BCC Humanities 40, Spring 2014 Online, Class Code 22348

Instructor: Eric Gerlach

Email:  ericgerlach@gmail.com

Office Hours: 12:30 – 1:20 pm at K’s Coffee, next door to BCC

This course is conducted online through the BCC Moodle site for Spring 2014:


If you have problems logging in, you should email the Moodle student help desk at:


Course Description: This course introduces students to the study of the world’s major religious traditions.  We will focus on primary sources (the sacred texts of each tradition), emphasizing a comparative approach and human wisdom.

Required Assignments and Grading: Each week, students must: (A) read the lecture posted online, (B) read the readings posted online, and (C) contribute a short but substantive paragraph to the online discussion.  Students are to use the online discussion to demonstrate that they have done and understand the readings and also to ask questions.  The discussion will be monitored and questions answered by the instructor twice a week on Mondays and Wednesdays.  Please be patient with your questions and fellow students, as the discussion is not monitored 24 hours a day.  Final grades are determined by: participation in discussion (30%), midterm exam (35%), final exam (35%).

Class Schedule: The dates listed are the Monday at the beginning of each week.  Readings and assignments are to be completed by midnight of the following Sunday.

Jan 21:  Introduction to World Religions

Jan 27:  Tribal Shamans

Feb 3:  City Priests: Sumer, Mesopotamia, and Egypt

Feb 10:  Confucianism

Feb 18:  Daoism

Feb 24:  Hinduism

Mar 3:  Indian Buddhism

Mar 10:  East Asian Buddhism: Chan / Zen

Mar 24: Zoroastrianism

Mar 31: Judaism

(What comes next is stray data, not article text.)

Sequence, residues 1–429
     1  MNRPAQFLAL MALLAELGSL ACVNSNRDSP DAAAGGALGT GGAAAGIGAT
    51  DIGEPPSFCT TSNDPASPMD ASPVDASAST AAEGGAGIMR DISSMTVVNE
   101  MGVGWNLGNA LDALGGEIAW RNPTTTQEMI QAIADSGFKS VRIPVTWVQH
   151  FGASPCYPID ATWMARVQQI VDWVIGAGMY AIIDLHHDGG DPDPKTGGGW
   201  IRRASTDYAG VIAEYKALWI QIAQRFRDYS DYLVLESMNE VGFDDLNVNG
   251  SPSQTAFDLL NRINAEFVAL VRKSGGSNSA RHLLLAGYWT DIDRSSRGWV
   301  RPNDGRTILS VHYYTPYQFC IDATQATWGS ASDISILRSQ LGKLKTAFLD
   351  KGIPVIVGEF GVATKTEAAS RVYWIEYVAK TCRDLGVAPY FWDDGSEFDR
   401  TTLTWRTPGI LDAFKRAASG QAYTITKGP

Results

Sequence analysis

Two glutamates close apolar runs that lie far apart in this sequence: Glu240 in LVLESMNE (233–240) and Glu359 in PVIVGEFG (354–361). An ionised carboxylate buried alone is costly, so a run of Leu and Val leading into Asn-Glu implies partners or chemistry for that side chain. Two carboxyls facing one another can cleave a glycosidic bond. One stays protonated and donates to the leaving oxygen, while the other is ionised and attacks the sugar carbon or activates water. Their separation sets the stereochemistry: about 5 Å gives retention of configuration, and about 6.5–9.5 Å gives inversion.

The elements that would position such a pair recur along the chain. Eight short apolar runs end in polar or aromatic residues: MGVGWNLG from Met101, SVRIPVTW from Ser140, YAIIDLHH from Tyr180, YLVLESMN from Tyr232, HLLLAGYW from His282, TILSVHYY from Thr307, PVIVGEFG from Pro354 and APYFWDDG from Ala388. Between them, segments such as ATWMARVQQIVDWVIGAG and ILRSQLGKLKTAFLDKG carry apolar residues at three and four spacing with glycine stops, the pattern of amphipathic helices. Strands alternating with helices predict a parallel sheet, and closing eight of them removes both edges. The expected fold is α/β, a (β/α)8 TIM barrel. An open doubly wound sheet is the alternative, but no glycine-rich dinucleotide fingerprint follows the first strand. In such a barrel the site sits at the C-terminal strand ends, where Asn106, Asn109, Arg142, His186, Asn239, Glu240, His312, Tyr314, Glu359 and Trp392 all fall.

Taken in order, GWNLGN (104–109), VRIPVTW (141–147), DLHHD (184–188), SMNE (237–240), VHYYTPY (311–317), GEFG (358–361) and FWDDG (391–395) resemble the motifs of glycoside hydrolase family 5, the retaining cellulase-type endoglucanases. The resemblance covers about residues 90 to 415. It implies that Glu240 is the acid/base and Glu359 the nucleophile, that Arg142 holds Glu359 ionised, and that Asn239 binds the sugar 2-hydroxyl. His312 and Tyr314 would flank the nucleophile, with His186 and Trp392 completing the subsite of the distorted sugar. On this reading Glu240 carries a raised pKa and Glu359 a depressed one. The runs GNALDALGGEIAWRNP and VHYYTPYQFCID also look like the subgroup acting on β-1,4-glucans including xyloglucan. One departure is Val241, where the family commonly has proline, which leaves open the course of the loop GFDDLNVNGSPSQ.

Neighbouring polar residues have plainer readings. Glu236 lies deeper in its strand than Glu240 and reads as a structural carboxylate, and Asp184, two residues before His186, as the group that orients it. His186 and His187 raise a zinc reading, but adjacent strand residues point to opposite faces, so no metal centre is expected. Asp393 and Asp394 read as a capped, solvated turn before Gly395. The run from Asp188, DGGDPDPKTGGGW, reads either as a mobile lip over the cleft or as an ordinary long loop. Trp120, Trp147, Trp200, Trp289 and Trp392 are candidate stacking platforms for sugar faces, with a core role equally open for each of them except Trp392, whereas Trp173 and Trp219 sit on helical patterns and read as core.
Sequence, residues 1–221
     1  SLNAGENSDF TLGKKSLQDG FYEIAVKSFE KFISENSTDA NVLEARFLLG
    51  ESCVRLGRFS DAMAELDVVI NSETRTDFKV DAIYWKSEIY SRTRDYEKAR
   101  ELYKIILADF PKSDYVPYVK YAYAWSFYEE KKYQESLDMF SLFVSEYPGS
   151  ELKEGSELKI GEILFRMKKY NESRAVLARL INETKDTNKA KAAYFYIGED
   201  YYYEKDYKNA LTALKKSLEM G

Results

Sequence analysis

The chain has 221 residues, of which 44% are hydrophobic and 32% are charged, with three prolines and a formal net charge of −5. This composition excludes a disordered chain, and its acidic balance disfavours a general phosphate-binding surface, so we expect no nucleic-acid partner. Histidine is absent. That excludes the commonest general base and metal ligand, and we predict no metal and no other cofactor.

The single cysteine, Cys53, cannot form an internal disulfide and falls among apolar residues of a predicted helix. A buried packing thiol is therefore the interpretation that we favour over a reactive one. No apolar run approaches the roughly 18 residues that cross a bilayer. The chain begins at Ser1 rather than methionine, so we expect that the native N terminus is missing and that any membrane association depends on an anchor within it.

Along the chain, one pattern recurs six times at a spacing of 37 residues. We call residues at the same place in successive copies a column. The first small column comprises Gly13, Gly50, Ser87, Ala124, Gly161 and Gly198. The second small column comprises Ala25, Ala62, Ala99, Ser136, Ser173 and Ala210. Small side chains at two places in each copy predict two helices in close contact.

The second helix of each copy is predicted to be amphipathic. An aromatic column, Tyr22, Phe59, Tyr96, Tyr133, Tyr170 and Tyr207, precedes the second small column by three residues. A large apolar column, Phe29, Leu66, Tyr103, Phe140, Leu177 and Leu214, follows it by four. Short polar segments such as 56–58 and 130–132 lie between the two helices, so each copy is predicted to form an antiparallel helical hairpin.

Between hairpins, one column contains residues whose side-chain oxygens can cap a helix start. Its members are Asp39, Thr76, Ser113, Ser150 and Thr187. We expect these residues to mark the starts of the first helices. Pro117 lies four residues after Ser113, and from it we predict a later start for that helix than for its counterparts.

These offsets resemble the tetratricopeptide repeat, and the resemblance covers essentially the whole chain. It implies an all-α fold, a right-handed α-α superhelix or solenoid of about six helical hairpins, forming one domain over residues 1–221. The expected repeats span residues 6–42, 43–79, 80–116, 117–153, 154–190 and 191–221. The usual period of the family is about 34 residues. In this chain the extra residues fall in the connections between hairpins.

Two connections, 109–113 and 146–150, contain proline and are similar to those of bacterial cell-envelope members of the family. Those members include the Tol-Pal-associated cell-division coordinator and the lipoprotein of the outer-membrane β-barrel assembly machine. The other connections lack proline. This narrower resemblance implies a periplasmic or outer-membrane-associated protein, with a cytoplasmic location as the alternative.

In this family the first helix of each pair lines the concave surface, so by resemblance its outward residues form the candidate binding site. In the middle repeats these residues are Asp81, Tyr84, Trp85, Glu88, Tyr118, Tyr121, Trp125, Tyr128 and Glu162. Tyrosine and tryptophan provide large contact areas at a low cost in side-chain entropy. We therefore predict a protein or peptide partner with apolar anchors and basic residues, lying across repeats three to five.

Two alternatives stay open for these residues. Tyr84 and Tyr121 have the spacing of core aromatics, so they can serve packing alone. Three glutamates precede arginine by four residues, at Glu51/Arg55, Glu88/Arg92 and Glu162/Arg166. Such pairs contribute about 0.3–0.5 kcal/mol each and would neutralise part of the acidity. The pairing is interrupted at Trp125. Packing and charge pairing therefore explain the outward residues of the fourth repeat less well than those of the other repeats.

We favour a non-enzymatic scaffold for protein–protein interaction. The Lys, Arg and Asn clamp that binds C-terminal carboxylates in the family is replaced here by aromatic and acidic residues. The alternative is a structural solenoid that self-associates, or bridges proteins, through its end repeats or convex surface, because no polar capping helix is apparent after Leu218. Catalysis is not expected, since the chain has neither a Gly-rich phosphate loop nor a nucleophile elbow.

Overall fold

Apr 7: Early Christianity


Apr 21: Islam

Apr 28: Protestant Christianity

May 5: New Religious Movements

Essay Grading Policy:  For response essays, write at least three pages, stick to your own thinking and provide a clear and focused argument, earning 2 points per page (one point off for every half page less than 3 pages), 2 points for sticking to your thinking, as opposed to summarizing the material, and 2 points for clarity and focus, for 10 points total.

Late assignments will only be excused in cases of well-documented emergencies; in addition, students must have evidence that substantial progress has been made on the assignment before the emergency took place. Otherwise, late assignments will be downgraded a letter grade for each week they are late. If a student has any extenuating circumstances which may affect full participation in the class, the student must speak to the instructor as far ahead of any due date as possible. All assignments must be completed and all requirements must be met in order to pass the class. You must turn in all assignments (even if they are late) in order to be eligible to receive a “C” grade or higher.  There are no exceptions, under any circumstance.

Plagiarism—“[t]o use another person’s ideas or expressions in your writing without acknowledging the source” (MLA Handbook,  5th ed., §1.8)—will not be tolerated. Plagiarists, intentional or inadvertent, will receive a zero on the assignment in question; repeat offenders will get an F for the course and will be subject to college disciplinary action. Students are encouraged to review plagiarism policies in the current Vista College catalog.

Disabled Student Program and Services (DSP&S) are provided for any enrolled student who has a verified disability that creates an educational limitation that prevents the student from fully benefiting from classes without additional support services or instruction. Please let the instructor know if you require any support services or would like more information about DSP&S.

The syllabus is subject to change at the discretion of the instructor. Any changes will be announced in class. Additional handouts of required readings may also be added.

1) Shamanism

2) Early City State Priests

3) Confucianism

4) Daoism

5) Hinduism


6) Jainism & Indian Buddhism

7) East Asian Buddhism & Zen

8) Zoroastrianism

9) Judaism

10) Christianity

11) Islam

12) Protestantism

13) New Religious Movements